2018 Primetime Emmy
& James Beard Award Winner

Sometimes You Need to Go Where Everybody Knows Your Order

Sometimes You Need to Go Where Everybody Knows Your Order

Roti Canai in Kuala Lumpur

It was my last day in Kuala Lumpur, Malaysia, after a year’s stay. My friend Kamisah and her husband Shahrum dropped by the condominium to share my last Malaysian breakfast. We walk to my favorite mamak shop, as the 24-hour Indian restaurants are called. The word “mamak” comes from the Tamil word for uncle. An apt word for a place that has become a second home to me.

We looked for the best table and end up walking through the restaurant to a table outside to enjoy the fresh air. Before I could even sit down, my teh tarik arrived, to our delightful surprise. I was happy and sad at once. It felt like the line from Cheers: “Sometimes you want to go where everybody knows your name.” The boys at Bestari didn’t know my name, but I am so touched that they know what I like.

Teh tarik (pulled tea) is the milky tea that is poured from an enamel mug held high above into a glass several times to cool it down and also give it a layer of froth. It is the essential accompaniment to the national staple of Malaysia, the roti canai (pronounced chanai). Here, they know exactly how I like my teh tarik and roti. I am a bit fussy with my food. The teh tarik is usually made with condensed milk, so it is too sweet. I got them to make mine with evaporated milk, and just the right amount. The roti has to be garing: crispy.

I glanced towards the counter where the mamak is throwing a piece of dough in the air a few times before folding it and throwing it on the griddle. As he looks up I put up three fingers and he nods. I give him the thumbs up.

The roti canai came within a short time, crispy as expected, with a small dish of curry sauce. That’s all you need. The best way to enjoy this pancake, which hails from South India, is to use your fingers. Take a small piece, dip it in the curry and savor every morsel.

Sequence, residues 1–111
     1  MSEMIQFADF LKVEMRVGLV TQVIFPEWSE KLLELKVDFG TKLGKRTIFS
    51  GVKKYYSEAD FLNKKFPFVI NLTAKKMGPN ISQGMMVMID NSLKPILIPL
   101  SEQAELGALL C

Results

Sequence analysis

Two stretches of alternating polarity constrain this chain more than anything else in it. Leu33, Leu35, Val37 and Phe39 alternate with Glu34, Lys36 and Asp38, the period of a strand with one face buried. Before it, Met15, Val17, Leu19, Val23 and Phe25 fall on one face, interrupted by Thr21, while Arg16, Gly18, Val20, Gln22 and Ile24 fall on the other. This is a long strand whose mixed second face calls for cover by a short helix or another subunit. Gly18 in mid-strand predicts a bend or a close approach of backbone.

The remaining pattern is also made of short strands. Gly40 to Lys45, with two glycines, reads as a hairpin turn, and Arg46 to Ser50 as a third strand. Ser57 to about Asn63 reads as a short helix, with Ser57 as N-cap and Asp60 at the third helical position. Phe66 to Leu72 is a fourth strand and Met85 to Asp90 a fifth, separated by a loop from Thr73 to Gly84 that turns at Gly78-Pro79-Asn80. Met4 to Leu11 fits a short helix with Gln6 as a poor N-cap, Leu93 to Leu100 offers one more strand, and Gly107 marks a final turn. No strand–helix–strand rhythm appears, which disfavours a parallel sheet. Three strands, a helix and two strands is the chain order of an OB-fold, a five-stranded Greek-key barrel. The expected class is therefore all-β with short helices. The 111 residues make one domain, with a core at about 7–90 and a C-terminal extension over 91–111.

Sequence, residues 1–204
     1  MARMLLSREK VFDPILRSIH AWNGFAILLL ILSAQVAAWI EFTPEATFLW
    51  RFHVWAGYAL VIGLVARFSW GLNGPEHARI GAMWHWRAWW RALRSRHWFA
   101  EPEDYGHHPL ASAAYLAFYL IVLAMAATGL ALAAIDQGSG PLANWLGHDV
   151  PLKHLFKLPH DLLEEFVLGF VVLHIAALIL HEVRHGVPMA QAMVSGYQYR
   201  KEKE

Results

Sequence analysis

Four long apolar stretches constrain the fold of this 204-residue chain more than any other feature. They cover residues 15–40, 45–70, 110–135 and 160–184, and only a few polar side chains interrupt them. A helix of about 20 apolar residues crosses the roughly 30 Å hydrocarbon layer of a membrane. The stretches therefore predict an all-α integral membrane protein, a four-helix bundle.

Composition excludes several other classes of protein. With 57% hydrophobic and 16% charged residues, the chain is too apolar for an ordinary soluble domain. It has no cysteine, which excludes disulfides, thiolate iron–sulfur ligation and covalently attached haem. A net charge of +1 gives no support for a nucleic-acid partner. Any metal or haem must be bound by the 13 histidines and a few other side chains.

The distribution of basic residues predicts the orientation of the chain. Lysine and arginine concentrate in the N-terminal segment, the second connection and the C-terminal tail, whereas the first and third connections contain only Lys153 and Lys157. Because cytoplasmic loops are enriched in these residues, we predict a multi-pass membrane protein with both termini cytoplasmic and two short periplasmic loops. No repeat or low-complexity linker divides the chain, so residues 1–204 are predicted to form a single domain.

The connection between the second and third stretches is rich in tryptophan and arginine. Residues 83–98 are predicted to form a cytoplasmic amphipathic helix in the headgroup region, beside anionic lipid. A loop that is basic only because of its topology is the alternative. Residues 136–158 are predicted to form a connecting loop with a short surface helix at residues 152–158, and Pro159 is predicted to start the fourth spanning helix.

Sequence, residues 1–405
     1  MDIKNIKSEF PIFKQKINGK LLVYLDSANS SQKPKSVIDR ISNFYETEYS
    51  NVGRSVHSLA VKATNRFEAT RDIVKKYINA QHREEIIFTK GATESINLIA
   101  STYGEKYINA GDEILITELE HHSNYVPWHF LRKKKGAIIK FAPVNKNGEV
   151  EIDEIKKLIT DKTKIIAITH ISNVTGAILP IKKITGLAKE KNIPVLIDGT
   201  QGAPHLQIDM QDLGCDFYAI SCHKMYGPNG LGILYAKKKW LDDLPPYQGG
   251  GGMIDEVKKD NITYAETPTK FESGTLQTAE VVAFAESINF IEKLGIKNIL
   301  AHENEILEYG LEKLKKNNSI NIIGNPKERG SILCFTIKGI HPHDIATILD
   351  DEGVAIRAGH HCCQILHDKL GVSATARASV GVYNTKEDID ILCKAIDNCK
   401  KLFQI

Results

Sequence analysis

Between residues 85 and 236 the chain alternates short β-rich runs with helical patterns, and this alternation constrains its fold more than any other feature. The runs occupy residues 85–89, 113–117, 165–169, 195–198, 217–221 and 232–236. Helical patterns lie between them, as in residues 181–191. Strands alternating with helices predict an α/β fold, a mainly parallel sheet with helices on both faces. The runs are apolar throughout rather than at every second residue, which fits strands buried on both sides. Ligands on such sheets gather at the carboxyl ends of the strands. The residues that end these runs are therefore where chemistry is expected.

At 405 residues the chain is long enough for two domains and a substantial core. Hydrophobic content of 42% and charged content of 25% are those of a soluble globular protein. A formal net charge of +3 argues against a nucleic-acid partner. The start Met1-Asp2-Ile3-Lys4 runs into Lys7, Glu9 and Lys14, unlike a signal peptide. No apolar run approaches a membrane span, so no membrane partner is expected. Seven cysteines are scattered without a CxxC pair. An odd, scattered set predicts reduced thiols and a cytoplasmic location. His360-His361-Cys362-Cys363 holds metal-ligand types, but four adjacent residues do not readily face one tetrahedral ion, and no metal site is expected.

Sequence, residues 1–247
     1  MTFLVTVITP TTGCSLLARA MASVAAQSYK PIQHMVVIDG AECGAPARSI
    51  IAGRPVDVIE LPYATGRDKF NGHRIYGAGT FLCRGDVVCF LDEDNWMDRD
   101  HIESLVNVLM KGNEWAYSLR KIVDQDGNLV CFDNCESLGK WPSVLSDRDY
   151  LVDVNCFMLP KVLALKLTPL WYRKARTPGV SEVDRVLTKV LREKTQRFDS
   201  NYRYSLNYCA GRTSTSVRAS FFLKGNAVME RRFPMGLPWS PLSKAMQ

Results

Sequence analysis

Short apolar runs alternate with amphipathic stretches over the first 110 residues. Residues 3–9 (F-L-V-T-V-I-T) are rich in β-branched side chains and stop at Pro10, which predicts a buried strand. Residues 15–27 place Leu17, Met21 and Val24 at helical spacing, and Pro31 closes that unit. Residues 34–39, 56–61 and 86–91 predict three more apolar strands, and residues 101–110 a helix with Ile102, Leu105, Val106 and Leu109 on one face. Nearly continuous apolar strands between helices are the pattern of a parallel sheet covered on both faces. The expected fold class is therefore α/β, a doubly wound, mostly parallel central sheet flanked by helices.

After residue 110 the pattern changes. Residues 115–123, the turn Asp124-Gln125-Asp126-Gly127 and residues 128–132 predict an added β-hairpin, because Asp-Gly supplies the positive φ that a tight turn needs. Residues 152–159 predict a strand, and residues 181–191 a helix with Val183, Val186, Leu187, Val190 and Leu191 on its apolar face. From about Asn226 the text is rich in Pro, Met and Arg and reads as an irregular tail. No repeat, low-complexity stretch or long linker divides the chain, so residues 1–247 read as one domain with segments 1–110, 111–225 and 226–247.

Roti canai is not just food. It is a culture. It represents different things to different people. It is an elixir when you’re feeling tired or stressed. Sitting at that table anticipating the arrival of your roti is as relaxing as putting the kettle on back in England. At the start of the day, it gives you energy. Friendships are forged over a roti like the English do over a cuppa. The English Premier League and the World Cup are usually watched in a mamak shop with a roti and a teh tarik. And in the wee hours of the morning, when the pubs are closed, you can pop into the mamak’s for a hot roti and teh tarik to sober up. For the impoverished backpacker spending a year out traveling east, the roti canai is cheap food, at less than US $1.

For those new to Malaysia it is a delightful spectacle to see the mamak flipping the dough in the air to lighten it. You need a fast camera to catch the flying roti. Competitions are held to crown the king of roti canai flipping. The last king has now found a vocation in a roti canai joint in Australia, flipping his way into many a Facebook post.

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